Protein modification by SUMO affects a wide range of protein substrates. Surprisingly, although SUMO pathway mutants display strong phenotypes, the function of individual SUMO modifications is often enigmatic, and SUMOylation-defective mutants commonly lack notable phenotypes. Here, we use DNA double-strand break repair as an example and show that DNA damage triggers a SUMOylation wave, leading to simultaneous multisite modifications of several repair proteins of the same pathway. Catalyzed by a DNA-bound SUMO ligase and triggered by single-stranded DNA, SUMOylation stabilizes physical interactions between the proteins. Notably, only wholesale elimination of SUMOylation of several repair proteins significantly affects the homologous recombination pathway by considerably slowing down DNA repair. Thus, SUMO acts synergistically on several proteins, and individual modifications only add up to efficient repair. We propose that SUMOylation may thus often target a protein group rather than individual proteins, whereas localized modification enzymes and highly specific triggers ensure specificity.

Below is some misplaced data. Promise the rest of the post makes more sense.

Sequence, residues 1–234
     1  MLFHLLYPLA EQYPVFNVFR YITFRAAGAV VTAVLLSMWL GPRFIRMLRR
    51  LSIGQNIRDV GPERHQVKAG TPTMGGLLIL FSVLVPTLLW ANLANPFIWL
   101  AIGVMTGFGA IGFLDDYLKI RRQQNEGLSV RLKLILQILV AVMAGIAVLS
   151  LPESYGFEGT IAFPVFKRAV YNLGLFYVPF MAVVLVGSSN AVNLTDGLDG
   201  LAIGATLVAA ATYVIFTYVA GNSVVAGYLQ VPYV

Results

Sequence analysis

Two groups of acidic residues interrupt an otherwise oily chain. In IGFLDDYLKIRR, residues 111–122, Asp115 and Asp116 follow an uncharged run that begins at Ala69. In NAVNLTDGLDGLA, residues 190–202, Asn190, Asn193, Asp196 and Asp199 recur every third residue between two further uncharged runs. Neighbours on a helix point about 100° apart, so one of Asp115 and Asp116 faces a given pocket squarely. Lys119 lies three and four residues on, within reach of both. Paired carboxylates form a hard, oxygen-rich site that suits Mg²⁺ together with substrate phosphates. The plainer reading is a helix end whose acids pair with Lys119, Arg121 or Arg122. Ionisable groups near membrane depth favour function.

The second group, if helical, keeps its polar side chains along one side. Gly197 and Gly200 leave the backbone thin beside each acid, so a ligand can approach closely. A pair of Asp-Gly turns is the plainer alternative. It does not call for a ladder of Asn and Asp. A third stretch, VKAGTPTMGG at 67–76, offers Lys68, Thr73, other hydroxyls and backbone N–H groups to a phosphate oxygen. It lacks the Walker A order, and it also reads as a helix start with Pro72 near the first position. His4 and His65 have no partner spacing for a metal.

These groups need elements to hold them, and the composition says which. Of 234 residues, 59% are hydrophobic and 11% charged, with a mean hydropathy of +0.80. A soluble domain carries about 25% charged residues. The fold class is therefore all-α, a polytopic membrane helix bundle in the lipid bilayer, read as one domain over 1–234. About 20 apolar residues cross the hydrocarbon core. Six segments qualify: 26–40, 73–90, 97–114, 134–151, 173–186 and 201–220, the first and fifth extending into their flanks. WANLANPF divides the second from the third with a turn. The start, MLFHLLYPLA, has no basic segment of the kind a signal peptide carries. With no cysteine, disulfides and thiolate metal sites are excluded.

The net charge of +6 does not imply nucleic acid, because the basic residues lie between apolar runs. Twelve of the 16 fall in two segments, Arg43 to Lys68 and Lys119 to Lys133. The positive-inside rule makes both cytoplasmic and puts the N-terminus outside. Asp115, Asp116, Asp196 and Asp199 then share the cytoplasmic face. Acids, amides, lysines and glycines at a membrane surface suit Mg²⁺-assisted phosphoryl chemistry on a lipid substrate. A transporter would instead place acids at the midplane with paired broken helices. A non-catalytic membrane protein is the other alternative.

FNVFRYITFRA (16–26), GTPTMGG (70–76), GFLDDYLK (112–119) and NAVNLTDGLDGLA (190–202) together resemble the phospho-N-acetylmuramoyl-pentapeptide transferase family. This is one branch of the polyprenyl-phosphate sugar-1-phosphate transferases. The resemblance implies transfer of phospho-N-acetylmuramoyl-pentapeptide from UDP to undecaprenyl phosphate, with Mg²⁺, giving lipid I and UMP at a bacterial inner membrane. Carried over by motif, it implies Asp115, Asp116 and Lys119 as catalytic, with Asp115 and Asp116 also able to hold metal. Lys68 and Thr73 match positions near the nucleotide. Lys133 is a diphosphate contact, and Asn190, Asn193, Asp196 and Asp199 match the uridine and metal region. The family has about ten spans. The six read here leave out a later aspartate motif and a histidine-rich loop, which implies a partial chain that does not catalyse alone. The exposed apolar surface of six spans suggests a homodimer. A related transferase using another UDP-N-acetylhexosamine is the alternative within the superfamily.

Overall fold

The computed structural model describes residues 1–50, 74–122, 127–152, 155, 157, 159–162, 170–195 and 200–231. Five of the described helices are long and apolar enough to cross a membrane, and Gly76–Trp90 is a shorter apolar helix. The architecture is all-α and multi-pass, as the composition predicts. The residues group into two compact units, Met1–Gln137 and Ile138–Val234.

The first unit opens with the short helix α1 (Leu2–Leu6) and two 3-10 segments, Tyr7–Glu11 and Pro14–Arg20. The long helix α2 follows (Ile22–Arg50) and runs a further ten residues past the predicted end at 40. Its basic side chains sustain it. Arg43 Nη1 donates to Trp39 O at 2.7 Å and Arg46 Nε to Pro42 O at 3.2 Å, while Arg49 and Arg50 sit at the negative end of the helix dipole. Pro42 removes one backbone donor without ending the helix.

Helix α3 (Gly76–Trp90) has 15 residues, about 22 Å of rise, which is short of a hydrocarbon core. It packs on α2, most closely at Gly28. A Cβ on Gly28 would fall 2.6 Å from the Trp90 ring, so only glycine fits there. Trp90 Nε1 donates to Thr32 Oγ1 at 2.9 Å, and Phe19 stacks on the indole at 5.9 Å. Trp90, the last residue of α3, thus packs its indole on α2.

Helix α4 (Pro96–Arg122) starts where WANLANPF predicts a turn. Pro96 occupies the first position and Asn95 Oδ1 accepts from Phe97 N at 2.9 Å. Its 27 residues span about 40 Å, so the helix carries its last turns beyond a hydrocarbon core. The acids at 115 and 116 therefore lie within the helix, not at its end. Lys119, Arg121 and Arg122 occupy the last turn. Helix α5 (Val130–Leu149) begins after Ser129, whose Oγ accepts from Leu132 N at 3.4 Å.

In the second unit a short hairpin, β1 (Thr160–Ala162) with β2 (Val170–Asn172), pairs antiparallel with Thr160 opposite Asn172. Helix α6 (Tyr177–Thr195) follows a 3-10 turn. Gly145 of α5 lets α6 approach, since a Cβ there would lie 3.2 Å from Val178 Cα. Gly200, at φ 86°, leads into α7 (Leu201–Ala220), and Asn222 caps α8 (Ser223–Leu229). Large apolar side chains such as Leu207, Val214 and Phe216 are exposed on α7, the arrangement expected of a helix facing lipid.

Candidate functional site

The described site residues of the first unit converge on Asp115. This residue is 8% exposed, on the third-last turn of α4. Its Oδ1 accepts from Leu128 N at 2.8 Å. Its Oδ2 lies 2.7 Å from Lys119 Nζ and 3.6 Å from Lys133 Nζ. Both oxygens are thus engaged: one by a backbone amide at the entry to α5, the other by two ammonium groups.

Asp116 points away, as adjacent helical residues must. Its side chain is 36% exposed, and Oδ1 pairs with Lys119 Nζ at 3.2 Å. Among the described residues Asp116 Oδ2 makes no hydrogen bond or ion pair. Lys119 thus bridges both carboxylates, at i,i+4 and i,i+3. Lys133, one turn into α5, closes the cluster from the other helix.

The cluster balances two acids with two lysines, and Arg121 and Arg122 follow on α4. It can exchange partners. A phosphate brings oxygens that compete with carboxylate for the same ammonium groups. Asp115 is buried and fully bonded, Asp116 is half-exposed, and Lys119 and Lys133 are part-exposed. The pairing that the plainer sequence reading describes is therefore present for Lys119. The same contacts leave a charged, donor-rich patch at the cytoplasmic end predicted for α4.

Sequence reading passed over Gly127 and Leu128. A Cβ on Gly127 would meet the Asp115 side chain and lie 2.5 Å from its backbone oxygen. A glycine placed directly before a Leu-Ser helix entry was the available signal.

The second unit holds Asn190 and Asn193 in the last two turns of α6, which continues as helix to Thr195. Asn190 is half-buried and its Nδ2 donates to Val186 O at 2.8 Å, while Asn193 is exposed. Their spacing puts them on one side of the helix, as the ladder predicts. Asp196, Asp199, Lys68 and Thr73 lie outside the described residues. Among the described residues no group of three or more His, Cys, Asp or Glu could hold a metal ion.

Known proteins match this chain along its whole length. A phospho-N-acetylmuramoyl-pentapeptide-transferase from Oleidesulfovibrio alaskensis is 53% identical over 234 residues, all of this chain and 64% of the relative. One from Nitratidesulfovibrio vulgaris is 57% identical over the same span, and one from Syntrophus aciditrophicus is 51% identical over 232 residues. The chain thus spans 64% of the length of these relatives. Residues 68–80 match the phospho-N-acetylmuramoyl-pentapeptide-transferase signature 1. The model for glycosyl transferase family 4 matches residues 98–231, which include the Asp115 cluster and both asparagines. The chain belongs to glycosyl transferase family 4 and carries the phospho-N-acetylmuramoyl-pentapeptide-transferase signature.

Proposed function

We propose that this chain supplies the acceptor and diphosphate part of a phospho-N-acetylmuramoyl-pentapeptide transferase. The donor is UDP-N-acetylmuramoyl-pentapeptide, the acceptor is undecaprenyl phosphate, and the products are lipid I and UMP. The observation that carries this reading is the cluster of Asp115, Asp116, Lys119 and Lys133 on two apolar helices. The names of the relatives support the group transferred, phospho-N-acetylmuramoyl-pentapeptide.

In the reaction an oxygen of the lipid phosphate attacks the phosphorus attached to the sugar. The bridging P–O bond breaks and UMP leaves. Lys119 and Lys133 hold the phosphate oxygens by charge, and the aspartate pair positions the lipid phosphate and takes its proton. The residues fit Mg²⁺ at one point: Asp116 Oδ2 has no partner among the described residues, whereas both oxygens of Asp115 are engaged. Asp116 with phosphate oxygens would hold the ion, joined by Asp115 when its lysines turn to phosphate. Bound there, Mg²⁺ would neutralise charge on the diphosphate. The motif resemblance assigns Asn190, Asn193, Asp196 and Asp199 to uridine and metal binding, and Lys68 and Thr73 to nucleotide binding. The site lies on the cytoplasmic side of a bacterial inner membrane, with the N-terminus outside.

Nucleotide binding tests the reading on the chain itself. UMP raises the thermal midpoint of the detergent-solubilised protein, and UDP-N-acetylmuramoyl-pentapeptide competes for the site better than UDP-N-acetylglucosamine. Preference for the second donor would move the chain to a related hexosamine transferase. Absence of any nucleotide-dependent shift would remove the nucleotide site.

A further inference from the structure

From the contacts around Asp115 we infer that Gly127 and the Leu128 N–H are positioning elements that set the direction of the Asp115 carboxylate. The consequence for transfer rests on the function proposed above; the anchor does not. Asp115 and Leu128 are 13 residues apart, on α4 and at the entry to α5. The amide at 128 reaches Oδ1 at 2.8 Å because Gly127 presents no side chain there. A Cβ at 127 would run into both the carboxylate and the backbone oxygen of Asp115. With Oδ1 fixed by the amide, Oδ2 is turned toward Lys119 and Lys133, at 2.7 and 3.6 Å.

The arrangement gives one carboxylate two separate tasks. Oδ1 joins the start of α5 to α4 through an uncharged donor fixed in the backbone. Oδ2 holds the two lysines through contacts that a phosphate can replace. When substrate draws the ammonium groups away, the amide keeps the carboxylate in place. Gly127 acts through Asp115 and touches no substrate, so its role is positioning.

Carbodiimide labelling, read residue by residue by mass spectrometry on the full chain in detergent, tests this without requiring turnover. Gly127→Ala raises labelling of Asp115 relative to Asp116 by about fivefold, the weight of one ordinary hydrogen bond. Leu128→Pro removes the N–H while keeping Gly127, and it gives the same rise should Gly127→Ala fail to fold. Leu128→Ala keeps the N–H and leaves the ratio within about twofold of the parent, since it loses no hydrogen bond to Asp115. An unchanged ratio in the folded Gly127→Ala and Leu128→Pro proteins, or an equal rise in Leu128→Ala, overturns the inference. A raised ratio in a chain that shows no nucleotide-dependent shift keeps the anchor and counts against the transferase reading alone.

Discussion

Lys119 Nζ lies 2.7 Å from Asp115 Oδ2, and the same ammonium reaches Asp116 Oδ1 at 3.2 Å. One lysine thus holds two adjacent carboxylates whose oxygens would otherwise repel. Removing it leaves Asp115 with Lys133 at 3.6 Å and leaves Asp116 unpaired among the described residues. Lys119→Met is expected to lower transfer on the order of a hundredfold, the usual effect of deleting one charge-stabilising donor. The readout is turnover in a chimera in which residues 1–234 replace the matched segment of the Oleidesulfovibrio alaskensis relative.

|Evidence ID||Analyze ID||Interactor||Interactor Systematic Name||Interactor||Interactor Systematic Name||Type||Assay||Annotation||Action||Modification||Phenotype||Source||Reference||Note|
|Evidence ID||Analyze ID||Gene||Gene Systematic Name||Gene Ontology Term||Gene Ontology Term ID||Qualifier||Aspect||Method||Evidence||Source||Assigned On||Reference||Annotation Extension|
|Evidence ID||Analyze ID||Gene||Gene Systematic Name||Phenotype||Experiment Type||Experiment Type Category||Mutant Information||Strain Background||Chemical||Details||Reference|
|Evidence ID||Analyze ID||Regulator||Regulator Systematic Name||Target||Target Systematic Name||Experiment||Conditions||Strain||Source||Reference|